AbstractTJA has invited a number of experts to contribute papers on early experiences with high-speed broadband, as the major theme for TJA's February 2013 edition. This guest editorial provides the motivation for the theme, and an overview of the eight papers selected on this theme.
Motivated by various mixes of government policy, sectoral needs and consumer demand, major implementations of high speed broadband infrastructures are steaming ahead across the world right now. They are driven by sometimes quite different national approaches but generally have similar objectives and a rapidly growing arsenal of powerful and cost-effective applications.
In earlier, more ?supply oriented? days of broadband, national policy development was stimulated, amongst many other considerations, by competitive pressures from OECD broadband penetration rankings, particularly motivating some embarrassed member countries in the lower range of the list. Whilst this competitive pressure remains alive, broadband activation has since turned more to demand mode, driven by the growing need for cost-effective competitive or personal applications across virtually all sectors of society. The demand side has been further fuelled by impressive technology advances and a growing and diverse range of new and emerging applications, including those considered in this issue of the TJA. Whilst economic analysis is clearly desirable, the key focus of this issue is the overall social benefit, whether measurable, anecdotal or otherwise, of early experience with high speed broadband applications, as seen by our authors.
Cost, expectation, benefits and history
Depending on the choice of implementation policy, high speed broadband infrastructure comes at significant cost, but with the expectation of much greater benefits. Reflecting on some of the early great infrastructural wonders of the world, it is unlikely that these projects could ever have been justified if modern cost benefit analyses had been carried out for them. Whilst such early infrastructures or facilities tended to be visionary and unrestrained, a relatively non-financial cost-benefit approach appears to have been adopted for them in most cases. By contrast, in today?s resource constrained world there is now substantially greater cost scrutiny of contemporary projects, and at the same time arguably less scope in them for vision, future uncertainty and other intangibles.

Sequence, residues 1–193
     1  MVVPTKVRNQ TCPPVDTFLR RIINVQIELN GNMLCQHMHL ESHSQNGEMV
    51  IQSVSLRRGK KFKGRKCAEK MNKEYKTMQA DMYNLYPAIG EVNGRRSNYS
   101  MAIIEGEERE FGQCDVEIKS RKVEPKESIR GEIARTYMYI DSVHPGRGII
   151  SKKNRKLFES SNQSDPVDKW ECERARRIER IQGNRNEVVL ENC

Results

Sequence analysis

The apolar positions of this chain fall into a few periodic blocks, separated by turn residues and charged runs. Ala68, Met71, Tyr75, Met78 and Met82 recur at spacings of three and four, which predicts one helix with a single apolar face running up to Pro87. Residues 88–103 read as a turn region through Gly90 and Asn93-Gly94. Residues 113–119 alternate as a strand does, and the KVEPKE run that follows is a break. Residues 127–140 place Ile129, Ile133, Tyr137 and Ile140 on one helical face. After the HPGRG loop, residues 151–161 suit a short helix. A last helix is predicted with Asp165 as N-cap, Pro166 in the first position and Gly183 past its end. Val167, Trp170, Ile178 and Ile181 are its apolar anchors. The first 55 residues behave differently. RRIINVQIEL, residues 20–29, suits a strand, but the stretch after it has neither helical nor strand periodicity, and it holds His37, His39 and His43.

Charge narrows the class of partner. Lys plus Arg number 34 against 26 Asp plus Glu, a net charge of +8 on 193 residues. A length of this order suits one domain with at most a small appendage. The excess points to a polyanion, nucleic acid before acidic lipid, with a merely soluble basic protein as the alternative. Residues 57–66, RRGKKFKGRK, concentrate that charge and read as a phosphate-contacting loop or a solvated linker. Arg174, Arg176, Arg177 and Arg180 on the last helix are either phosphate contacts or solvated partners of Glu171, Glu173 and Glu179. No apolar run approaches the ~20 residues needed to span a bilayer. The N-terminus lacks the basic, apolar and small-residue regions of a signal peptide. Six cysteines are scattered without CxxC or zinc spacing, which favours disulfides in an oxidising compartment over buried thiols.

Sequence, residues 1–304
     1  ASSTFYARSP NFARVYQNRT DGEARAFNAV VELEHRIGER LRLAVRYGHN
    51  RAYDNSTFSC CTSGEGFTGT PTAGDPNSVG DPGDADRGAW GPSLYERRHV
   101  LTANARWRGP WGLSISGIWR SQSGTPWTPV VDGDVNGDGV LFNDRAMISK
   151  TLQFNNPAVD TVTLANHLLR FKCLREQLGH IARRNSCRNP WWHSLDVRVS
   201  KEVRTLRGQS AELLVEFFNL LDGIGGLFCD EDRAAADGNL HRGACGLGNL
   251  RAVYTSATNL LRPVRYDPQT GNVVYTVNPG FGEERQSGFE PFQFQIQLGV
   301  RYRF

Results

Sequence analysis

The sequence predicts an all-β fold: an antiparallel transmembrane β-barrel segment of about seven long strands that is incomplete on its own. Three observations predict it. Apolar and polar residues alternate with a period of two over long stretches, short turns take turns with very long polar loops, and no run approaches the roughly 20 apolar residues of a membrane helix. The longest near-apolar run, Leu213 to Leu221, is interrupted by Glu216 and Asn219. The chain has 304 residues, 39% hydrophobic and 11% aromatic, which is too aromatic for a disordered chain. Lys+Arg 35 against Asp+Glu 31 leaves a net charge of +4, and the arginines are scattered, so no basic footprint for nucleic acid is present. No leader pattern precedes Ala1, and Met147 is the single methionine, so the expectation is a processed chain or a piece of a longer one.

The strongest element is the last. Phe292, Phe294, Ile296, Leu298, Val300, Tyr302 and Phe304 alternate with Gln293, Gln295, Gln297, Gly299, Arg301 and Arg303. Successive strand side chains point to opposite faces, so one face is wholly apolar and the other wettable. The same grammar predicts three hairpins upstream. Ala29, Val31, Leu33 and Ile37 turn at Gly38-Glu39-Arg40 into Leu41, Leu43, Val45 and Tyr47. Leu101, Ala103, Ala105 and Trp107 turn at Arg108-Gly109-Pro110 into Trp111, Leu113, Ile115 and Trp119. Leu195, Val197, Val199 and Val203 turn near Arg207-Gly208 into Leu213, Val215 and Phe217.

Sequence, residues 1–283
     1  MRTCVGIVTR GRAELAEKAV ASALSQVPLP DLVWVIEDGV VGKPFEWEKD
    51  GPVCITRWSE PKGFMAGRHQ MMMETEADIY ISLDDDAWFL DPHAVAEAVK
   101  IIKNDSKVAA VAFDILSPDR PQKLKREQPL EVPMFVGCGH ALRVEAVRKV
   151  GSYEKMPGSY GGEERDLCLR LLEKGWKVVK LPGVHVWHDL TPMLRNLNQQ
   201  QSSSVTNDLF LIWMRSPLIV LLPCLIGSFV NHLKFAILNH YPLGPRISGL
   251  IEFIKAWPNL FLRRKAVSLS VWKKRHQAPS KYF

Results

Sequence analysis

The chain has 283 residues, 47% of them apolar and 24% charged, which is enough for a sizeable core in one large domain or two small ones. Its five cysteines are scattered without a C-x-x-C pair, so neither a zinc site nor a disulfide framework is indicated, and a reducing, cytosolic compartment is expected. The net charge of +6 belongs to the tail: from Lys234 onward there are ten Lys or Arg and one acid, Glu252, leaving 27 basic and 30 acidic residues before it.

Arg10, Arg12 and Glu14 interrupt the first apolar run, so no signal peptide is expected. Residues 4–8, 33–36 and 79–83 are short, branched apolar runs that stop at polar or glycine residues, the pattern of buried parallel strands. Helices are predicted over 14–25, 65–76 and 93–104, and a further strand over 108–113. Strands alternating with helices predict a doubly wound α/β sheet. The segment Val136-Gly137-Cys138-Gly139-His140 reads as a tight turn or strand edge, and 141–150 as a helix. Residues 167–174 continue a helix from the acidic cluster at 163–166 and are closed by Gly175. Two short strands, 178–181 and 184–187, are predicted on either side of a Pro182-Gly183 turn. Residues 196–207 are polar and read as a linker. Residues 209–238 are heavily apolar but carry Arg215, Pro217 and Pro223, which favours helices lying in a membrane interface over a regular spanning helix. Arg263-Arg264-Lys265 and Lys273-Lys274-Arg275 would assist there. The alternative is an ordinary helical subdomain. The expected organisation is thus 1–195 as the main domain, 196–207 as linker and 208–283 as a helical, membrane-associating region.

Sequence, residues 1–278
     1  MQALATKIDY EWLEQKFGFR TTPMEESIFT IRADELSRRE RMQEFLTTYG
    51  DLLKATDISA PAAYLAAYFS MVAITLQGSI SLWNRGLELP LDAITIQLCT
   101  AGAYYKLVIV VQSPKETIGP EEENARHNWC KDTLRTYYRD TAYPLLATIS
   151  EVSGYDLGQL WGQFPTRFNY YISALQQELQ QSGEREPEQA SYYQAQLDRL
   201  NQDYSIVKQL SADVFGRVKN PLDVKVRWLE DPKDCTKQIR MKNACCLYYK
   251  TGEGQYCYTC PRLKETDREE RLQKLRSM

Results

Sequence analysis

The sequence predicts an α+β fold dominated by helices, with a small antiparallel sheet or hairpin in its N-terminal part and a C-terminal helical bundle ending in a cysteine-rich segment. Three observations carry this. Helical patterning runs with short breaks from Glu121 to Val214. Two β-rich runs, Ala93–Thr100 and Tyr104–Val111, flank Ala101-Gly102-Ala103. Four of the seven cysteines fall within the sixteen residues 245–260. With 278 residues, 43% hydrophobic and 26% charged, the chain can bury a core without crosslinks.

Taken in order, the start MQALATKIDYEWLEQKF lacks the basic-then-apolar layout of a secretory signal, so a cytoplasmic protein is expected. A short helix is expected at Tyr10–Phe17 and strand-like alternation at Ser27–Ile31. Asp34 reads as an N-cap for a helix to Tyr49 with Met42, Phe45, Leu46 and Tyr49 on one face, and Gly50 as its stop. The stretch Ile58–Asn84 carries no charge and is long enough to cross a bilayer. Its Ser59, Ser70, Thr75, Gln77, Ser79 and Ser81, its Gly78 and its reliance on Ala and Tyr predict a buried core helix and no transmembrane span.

However in various ways the world is very much richer for the Great Wall of China, the Great Pyramid of Giza, the Taj Mahal and numerous other infrastructure projects that are now considered amongst a wider set of great wonders of the world.
A number of those early ?wonders? have been possible for reasons that mostly no longer apply, including availability of slave labour, surplus of wealth, and the ?absolute rule? of their instigators. Most likely there were also major cost over-runs, and as the Titanic and the Concorde remind us, there have also been some great failures. However the cost over-runs tend to be forgotten for those projects that have become monumental landmarks, greatly enriching the world culturally, socially and (for the modern beneficiaries of cultural tourism) economically.
Whilst imagination, creativity, altruism, longer-term forward thinking and other singularly ?suspect? measures by today?s cost-benefit philosophy can no longer be expected to justify massive infrastructural investment, these motivating factors have featured prominently, together with sound engineering design, in some of the early great wonders of the world. However challenging it might be for some economists, history now suggests a much broader mix of considerations to support cost-benefit judgements for such socially important infrastructure as national broadband networks. Good broadband infrastructure is needed to allow ?a thousand flowers to bloom? in the form of new broadband applications. The recent history of smart phones and other mobile devices clearly shows that applications don?t always need to be planned in advance, but can be allowed and encouraged to rapidly evolve so as to better serve evolving user needs.